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Apple Varieties for Making Fresh Sweet Cider

Updated on May 28, 2013

Apple juice is typically pressed from a single variety of sweet, table apple. Apple cider is a far more complex beverage. Sometimes made from a single cider apple, good cider is most often a blend of juices from several kinds of apples. When you make hard apple cider, the fermenting process can disguise an imperfect blend of juices. When you make sweet cider, the blend is everything. It is what differentiates ordinary juice from great cider.

The Blend

Every great cider maker has a trademark blend. A basic blend for sweet apple cider is 50 percent sweet apple juice, 35 percent sharp apple juice and 15 percent bitter apple juice. To the resulting mix, you can then add a little aromatic juice. If you are a beginner, press your apple varieties separately and play with blending in small batches until you arrive at your own trademark blend.


The base of a cider is built on sweet apples. Most apples contain 10 to 14 percent sugar. Sweet apples don't contain more sugar; they contain less acid and tannins. Consider your sweet apple juice to be a blank slate. Bland apples like Red Delicious, Golden Delicious or Jonagold make for a uninteresting juice on their own. That blandness is not a problem for a cider base; it's the foundation of what will become an interesting blend.


Tannins give apples their bitter, astringent taste. Tannic apples cause you to pucker. Though you wouldn't want a cider made exclusively from bitter apples, a little bitterness creates a more complex interesting cider. Newtown, Lindel and Red Astrachan are all bitter, tannic apples. Apples with "Jersey" in their name like Chisel Jersey or Ashton Brown Jersey, tend to be bitter. Crab apples are also high in tannins. You can add small amounts of crab apple juice to your blend to create interesting flavors you won't get from table apples.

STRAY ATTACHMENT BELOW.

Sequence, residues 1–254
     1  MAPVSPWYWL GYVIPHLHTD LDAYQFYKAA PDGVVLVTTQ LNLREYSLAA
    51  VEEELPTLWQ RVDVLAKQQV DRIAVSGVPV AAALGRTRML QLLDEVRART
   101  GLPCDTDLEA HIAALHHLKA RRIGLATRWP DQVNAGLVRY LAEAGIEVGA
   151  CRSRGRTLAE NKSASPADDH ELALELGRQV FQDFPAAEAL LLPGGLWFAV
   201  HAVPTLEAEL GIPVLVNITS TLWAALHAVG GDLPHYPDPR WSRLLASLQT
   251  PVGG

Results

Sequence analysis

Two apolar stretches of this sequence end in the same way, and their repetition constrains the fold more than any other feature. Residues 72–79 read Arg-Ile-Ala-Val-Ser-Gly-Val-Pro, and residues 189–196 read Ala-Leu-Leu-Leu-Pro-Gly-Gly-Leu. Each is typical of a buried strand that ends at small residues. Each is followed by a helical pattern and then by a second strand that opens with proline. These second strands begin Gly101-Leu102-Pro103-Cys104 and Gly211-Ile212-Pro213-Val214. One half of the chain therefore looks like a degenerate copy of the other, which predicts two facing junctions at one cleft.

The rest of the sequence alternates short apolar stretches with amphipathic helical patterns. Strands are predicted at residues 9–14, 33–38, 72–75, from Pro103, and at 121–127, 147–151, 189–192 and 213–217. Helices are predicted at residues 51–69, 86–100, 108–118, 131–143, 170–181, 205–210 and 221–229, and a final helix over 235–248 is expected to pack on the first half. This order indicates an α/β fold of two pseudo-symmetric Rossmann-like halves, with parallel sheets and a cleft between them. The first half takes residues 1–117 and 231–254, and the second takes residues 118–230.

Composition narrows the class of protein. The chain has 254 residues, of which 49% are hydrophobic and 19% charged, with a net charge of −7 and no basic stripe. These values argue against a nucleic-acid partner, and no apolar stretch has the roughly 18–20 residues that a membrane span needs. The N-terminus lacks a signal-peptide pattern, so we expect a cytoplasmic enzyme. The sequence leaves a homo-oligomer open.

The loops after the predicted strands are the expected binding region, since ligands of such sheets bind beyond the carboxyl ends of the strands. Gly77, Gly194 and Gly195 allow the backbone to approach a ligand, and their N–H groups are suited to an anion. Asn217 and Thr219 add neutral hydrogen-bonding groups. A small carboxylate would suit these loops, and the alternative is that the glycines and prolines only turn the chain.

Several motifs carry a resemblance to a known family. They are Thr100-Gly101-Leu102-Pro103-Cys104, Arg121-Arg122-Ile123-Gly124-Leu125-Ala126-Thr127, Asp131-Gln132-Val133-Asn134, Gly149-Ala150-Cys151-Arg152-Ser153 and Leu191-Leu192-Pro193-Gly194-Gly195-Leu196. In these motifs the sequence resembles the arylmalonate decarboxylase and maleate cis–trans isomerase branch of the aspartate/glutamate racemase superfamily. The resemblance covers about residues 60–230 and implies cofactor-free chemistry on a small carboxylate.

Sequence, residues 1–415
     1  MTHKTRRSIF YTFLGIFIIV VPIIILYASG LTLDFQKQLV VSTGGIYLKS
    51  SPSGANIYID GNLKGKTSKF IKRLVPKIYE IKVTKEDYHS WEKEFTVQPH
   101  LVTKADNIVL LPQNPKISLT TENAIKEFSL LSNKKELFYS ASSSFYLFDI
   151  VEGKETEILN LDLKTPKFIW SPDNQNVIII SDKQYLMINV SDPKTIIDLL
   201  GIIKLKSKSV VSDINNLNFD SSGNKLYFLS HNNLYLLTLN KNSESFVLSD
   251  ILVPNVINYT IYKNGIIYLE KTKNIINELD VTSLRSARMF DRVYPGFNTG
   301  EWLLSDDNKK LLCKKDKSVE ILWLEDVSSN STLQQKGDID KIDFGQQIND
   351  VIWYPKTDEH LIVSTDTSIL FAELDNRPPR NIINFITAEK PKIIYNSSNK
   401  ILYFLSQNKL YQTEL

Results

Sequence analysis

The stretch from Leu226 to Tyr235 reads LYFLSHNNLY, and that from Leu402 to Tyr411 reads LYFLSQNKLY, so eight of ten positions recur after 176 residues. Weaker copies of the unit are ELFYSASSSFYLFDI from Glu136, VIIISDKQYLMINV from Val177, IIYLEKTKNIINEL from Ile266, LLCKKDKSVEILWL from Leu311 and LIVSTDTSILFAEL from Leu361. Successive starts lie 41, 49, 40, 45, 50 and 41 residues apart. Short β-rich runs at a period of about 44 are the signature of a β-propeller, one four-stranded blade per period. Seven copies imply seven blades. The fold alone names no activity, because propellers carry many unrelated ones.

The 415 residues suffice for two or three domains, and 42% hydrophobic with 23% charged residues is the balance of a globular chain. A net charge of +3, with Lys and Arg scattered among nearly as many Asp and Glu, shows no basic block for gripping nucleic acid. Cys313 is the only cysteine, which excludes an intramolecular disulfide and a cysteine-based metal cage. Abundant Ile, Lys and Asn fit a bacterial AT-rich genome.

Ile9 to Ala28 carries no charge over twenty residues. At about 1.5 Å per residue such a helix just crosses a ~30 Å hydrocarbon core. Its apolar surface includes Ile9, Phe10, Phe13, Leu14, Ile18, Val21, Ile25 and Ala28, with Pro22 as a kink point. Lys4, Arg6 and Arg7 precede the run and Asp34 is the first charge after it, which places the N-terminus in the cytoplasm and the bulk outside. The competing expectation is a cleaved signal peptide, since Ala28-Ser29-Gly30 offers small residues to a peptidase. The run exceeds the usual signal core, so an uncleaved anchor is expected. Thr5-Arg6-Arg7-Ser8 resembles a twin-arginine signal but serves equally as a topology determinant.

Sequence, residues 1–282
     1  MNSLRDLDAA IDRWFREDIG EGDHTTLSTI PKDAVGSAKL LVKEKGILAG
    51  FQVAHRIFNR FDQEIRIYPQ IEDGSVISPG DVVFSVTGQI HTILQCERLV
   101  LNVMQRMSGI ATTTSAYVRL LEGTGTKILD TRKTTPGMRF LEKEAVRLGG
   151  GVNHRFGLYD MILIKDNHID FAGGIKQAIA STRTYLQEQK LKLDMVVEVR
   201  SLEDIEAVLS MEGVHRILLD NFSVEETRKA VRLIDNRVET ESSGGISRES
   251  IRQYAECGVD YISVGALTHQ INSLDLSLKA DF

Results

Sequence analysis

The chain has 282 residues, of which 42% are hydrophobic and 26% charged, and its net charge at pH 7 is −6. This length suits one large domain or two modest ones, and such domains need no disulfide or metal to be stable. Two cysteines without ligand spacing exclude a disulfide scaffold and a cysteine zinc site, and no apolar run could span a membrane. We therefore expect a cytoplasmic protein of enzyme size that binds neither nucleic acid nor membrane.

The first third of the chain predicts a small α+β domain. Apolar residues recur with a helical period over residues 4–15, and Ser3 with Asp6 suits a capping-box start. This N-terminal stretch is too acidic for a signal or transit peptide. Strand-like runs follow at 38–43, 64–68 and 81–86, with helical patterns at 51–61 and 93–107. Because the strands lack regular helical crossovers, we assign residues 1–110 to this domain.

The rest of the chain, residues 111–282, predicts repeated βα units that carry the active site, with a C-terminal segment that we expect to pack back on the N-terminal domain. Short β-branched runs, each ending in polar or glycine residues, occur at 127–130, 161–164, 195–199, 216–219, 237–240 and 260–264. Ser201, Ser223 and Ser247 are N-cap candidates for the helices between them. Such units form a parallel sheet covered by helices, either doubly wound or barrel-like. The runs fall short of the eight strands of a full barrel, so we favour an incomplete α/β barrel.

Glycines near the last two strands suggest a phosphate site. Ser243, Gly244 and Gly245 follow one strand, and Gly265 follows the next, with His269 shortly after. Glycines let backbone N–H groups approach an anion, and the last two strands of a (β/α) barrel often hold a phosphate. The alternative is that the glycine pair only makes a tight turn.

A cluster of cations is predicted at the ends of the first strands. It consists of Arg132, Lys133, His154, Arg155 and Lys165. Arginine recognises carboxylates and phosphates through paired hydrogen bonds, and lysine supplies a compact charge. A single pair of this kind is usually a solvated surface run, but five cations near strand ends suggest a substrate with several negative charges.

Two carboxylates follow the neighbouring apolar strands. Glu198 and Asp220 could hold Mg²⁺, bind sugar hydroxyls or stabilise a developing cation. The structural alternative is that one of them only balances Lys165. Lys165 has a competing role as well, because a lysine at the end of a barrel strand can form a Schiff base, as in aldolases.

In cider-making jargon, "sharp" describes sour apples. These sour apples are sour not because they have less sugar but because they have more malic acid than sweet apples. Sharp apples give cider a nice tingle. They break up the sweetness of the base, and like bitter apples, they create interest. Gravenstein, Cox's Orange Pippin, Wealthy, Winesap and Northern Spy are all sharp apples


Aromatic apples have a distinctive smell. In fact, when you taste them, you will find that they have more of an aroma than a flavor. Apples of the MacIntosh family --Spartan, Jonamac, Empire and Cortland -- all tend to be aromatic. When it comes to adding aromatic apples to cider, a little goes a long way. Some people don't add them at all because they tend to overwhelm the other flavors of the cider. If you choose to add them, experiment carefully. Pour off a small amount of your finished cider and then add the aromatic juice a small amount at a time.

Cider Apples

While most ciders are blends, some ciders are made from "perfect" cider apples. These cider apples are apples that have sweet, sharp, bitter and aromatic flavors all in one apple. Roxbury Russet, Ribston Pippin, Nonpareil and Golden Russet are examples of apples that can stand alone as single-apple cider apples.


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